Our iconic dishes series takes a look at some of the world's most famous chefs as we take a moment to appreciate the masterpieces they create and their contribution to food.René Redzepi, Massimo Bottura and Grant Achatz are some of the chefs we have covered in the series so far and now we want to concentrate on the work of chef Mitsuharu Tsumura, an ambassador of Nikkei cuisine in Peru and the owner of the Maido restaurant, currently number one on Latin America's 50 Best Restaurants list.
The immigration of Japanese people to Peru was a contributing factor to the creation of Nikkei cuisine. It is the union of two international cooking styles, the marriage of flavour, culture and technique in the kitchen.Tsumura says the DNA of Nikkei in Peru is a mixture of citrus, spice and soy but he describes his own cooking as "80/20 Peruvian food with the Japanese elements of techniques, cuts, broths, dashi, umami, knife techniques and products like miso, soy sauce and ponzu."
Below we will take a look at some of the iconic dishes from Tsumura's hyper-delicious, umami-laden brand of Nikkei cuisine. 1: Nigiri
Nigiri is where the chef and his restaurantexcel. Using the basis of rice - a classic Japanese staple - and topping it with all manner of unique flavors, Tsumura uses Nigiri on his menu to tell stories. Some show off Japanese technique of perfectly sliced fish, while others playfully riff on Peruvian traditions in delicious ways. Like the wagyu steak topped with quail egg yolk, an obvious reference to the traditional Peruvian plate of steak and eggs, however, at Maido the yolk has been injected with yuzu for yet another hit of Japan. The chef is famous for creating a versatile mix of nigiri.
This dish shows perfectly how great technique can be used to refine what looks like a simple sandwich. Anyone who has eaten this dish will tell you how delicious it is. It's made with paiche fish which is deep fried to resemble the classic chicharon, normally made in Peru using pork. This perfectly, fluffy-on-the-inside, crispy-on-the-outside fish is then placed inside a cloud-like steamed bun - it's a dish people order again. 3: 50-hour cooked short rib
Yet another triumph of technique and an example of a good use of umami. This dish sees Tsumura borrow from Peruvian-Chinese influence called Chifa as he serves the sticky, deep shortrib alongside fried rice. This dish is also often served with an egg yolk and the diner encouraged to mix it in with the rice for an even more velvety finish. As you can see from the video it's spoon soft and we once witnessed the chef serve about 50 of them in a restaurant, all with spoons.
4: Liquid Nitrogen Ceviche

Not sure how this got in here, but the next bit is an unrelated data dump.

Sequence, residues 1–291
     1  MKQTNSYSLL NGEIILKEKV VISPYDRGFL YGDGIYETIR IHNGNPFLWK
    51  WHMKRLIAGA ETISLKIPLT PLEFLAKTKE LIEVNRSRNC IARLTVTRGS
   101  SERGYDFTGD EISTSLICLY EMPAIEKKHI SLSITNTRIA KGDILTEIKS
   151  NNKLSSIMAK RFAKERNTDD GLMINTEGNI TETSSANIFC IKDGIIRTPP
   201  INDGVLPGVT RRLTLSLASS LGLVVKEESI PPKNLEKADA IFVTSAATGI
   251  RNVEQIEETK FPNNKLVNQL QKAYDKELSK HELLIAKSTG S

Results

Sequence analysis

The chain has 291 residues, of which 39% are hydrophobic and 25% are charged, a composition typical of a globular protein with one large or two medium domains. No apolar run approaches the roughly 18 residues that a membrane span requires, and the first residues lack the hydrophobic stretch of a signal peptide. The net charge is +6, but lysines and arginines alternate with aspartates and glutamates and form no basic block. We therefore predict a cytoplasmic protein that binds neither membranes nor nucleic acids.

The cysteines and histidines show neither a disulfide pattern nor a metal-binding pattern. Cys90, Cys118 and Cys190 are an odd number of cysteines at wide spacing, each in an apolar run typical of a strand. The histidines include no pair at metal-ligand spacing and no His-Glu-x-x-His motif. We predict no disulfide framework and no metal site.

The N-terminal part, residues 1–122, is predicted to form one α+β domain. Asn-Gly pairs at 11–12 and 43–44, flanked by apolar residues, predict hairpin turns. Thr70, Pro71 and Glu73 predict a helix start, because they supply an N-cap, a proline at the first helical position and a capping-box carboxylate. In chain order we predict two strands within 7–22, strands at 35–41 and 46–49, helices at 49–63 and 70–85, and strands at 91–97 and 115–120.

This ceviche takes the ingredients of Peru, the techniques of Japan and mixes them with modern innovations for a dish that exemplifies perfectly the cross roads that Tsumura and Maido sit at. This is the restaurant's famous take on Peru's national dish of ceviche - a dish that was influenced by the Japanese and one that many Peruvians use as a national identity card today in the kitchen. Using liquid nitrogen, Tsumura takes the leche de tigre - a mix of lime juice, chili and fish stock and freezes it, presenting a sharp, ultra fresh take on the usual liquid broth. This is then topped with different fish - the one above demonstrating yet more Japanese technique. 5: Pulpo al Olivo:
Classed as one of the first Nikkei combinations in Peru, the mix octopus and olive seen on the right is now distinctly linked to Nikkei cuisine in the country, as Micha says, "50 years ago no one in Peru ate Octopus - the fishermen would throw them away. You would go to the beach and see all these octopus on the floor and the Japanese would go and pick them up". The dish is a great example of how Nikkei is the Japanese adapting their own style, technique and traditions to the local ingredients and the super soft bite of octopus at Maido is a refined take on the classic combo, with a creamy square of olive topped with crunchy quinoa.
As with all chefs in Peru, Tsumura looks to incorporate ingredients from across the different regions of the country. One of his latest tasting menus used the Amazon for a basis of exploration and one of the stand out dishes was Churo: Amazon river snail. The large snail is cooked in shoyu and served inside its shell with a foam of dale-dale - a plant that grows in the tropical climates of Peru.
7: Sacha Soba
Another dish from the chef's more recent menu creations. Handmade soba noodles using sacha papa - a purple root vegetable, the noddles are tossed with clams and super sweet crab - a dish of light, sweet, intense flavouring that's presented perfectly inside the shell of a crab.
Discover Fine Dining Lovers' exclusive Why Waste? video series, featuring Massimo Bottura and his team of chefs, as they teach us how to repurpose leftovers and trimmings in delicious and imaginative ways, from vegetables to dairy. Take a look